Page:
semiarid where moisture is the principal production constraint.
Two field experiments were conducted at the CIMMYT experimental
station near Cd. Obregon, Sonora, to test the agronomic potential
of 260 BC2F1-derived F6 lines with an Ae. tauschii base.
The three backcross populations were 'Altar 84/Ae. tauschii
219//3*Seri 82', 'Croc1/Ae. tauschii 224//3*Opata 85',
and 'Duerd/Ae. tauschii 214//3*Bcn 88'. Trials were arranged
in an alpha-lattice design with three replications. The experimental
plots, each consisting of eight rows, 20-cm apart, and 4-m long,
were machine-drilled into dry soil at a seeding rate of 100 kg/ha.
Results of the 2 years research involving 260 BC2F1-derived F6
lines from three backcrosses on selected six agronomic traits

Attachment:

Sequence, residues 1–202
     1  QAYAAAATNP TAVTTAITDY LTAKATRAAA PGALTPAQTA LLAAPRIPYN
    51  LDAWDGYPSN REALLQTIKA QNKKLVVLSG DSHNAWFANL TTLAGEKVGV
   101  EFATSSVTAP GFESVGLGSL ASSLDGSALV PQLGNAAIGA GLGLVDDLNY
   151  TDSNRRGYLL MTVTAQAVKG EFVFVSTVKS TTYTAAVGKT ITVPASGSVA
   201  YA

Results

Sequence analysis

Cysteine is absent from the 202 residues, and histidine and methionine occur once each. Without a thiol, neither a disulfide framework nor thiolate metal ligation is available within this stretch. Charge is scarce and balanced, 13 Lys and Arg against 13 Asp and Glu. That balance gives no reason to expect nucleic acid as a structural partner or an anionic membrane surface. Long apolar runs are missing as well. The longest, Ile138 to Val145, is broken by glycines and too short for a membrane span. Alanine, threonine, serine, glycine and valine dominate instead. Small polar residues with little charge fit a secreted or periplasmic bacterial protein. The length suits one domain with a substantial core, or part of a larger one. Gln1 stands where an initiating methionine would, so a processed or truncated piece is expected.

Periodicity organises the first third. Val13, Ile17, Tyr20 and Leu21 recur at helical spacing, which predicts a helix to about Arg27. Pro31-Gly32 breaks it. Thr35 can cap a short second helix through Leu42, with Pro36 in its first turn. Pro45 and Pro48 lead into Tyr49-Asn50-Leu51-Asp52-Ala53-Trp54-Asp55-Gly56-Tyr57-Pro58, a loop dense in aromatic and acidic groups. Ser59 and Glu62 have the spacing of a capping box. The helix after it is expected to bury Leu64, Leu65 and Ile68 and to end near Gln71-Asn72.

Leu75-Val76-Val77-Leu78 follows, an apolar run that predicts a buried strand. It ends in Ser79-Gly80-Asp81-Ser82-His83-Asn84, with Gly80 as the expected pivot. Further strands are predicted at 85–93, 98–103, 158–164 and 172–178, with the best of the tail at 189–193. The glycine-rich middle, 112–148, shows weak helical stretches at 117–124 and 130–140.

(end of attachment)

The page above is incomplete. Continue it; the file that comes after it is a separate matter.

under one irrigation are presented (Table 1). Data on harvest
index, grains/m^2^, grains/spike, flowering date, grain-filling
duration, and spike length are not shown to simplify the table
presentation. The mean of the crosses showed some lines superior
to the recurrent bread wheat parents for 1,000-kernel weight (38
%), spike length (10 %), test weight (8 %), spikes/m2 (3 %), above-ground
biomass at maturity (2 %), and grain yield (2%). A higher frequency
of the lines possessing heavier kernels than the recurrent parent
was observed from the cross 'Duerd/Ae. tauschii 214//3*Bcn
88' (51 %), followed by 'Croc1/Ae. tauschii 224//3*Opata
85' (43 %), and 'Altar 84/Ae. tauschii 219//3*Seri 82'
(23 %). The yield of the advanced derivatives ranged from 1,952
kg/ha (Altar 84/Ae. tauschii 219//3*Seri 82) to 5,042 kg/ha
(Duerd/Ae. tauschii 214//3*Bcn 88). Twenty-one percent